Five years ago at the National Western Stock Show in Denver, dairy producer Les Hardesty was giving milking demonstrations to the public. People were really interested, he recalls. But questions such as “Do you milk the boy cows, too?” or “Does the milk come out cold?” really brought home the need for consumer education. 

“A lot of consumers truly don’t understand what we do,” says Hardesty, of Greeley, Colo.  Today, less than 2 percent of the U.S. population is involved in farming. And most consumers are three to four generations removed from the farm, so a pretty big information gap has evolved.

Hardesty and his wife, Sherrill, decided to do something about it.  In June 2004, they opened Cozy Cow Dairy, a small-scale commercial dairy and visitor center located just outside of Windsor, Colo., to educate consumers. They also sell Cozy Cow-branded milk and cheese.

Investing in an education center is one way to reach consumers. Another is to engage consumers on airplanes, in grocery stores or wherever the opportunity arises. However, most producers don’t realize that “every conversation is an opportunity to make an impact on a lifetime consumer,” says Hardesty.

Here’s why it’s time for you to speak up for dairy.


Fifty years ago, most consumers still had grandparents or relatives who farmed. The average consumer still had “roots” in agriculture, says Richard Cotta, senior vice president of California Dairies, Inc. in Los Banos, Calif. That’s not the case today.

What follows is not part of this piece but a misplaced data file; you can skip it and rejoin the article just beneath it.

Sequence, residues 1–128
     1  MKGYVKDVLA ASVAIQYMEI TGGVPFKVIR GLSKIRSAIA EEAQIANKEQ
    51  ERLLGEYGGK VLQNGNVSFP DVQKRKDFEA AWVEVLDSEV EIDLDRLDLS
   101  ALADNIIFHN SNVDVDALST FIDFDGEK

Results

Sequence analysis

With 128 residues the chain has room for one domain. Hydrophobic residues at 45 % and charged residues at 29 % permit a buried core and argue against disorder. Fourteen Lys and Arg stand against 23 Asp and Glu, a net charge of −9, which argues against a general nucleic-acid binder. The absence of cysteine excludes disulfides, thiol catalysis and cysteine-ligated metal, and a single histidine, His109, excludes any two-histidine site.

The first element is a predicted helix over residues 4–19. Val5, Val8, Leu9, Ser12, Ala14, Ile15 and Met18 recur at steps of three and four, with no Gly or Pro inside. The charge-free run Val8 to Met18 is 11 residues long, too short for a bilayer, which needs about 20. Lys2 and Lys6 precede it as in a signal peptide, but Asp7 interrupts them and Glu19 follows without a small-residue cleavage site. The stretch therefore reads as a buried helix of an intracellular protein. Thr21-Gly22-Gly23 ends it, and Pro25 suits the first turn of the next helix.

The U.S. has become more urbanized. Even some traditionally rural parts of the country are becoming more urban as people from nearby cities build houses in the country. For further evidence of the change, just look at the makeup of Congress. Rural advocates used to wield tremendous influence. That influence — as well as the number of congressional representatives who understand agriculture — has declined dramatically.

“We need to reconnect with consumers and remind them of what we do,” says Cotta. “They don’t know who we are anymore.”

For example, the definition of an “agriculturalist” was once well understood. But today’s consumer doesn’t realize that an agriculturalist is also an environmentalist and an animal-welfare expert. Nor do they realize how much the dairy industry has changed for the better.

One such example is milk quality. California Dairies pays a bonus for high-quality milk. A few years ago, the co-op paid bonuses totaling $40,000 to $50,000 per month, on average, across its entire membership. Last month, it paid more than $300,000 — a six-fold increase — and the quality standards are more stringent than ever. That’s proof positive that producers are doing a better job of producing high-quality milk.

The dairy industry has many positive messages to share with consumers—less antibiotic use, advances in cow comfort, and the fact that cows are great recyclers of food waste that would otherwise end up in landfills. These messages can help consumers gain a better understanding of today’s dairy industry.

Step up to the plate